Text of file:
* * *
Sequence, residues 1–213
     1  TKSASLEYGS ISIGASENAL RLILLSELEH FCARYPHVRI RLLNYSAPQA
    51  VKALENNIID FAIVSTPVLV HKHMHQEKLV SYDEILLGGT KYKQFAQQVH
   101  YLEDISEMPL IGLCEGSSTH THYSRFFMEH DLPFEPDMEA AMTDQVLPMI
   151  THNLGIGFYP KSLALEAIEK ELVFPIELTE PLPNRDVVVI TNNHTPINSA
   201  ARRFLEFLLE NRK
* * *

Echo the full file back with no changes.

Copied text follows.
Sequence, residues 1–213
     1  TKSASLEYGS ISIGASENAL RLILLSELEH FCARYPHVRI RLLNYSAPQA
    51  VKALENNIID FAIVSTPVLV HKHMHQEKLV SYDEILLGGT KYKQFAQQVH
   101  YLEDISEMPL IGLCEGSSTH THYSRFFMEH DLPFEPDMEA AMTDQVLPMI
   151  THNLGIGFYP KSLALEAIEK ELVFPIELTE PLPNRDVVVI TNNHTPINSA
   201  ARRFLEFLLE NRK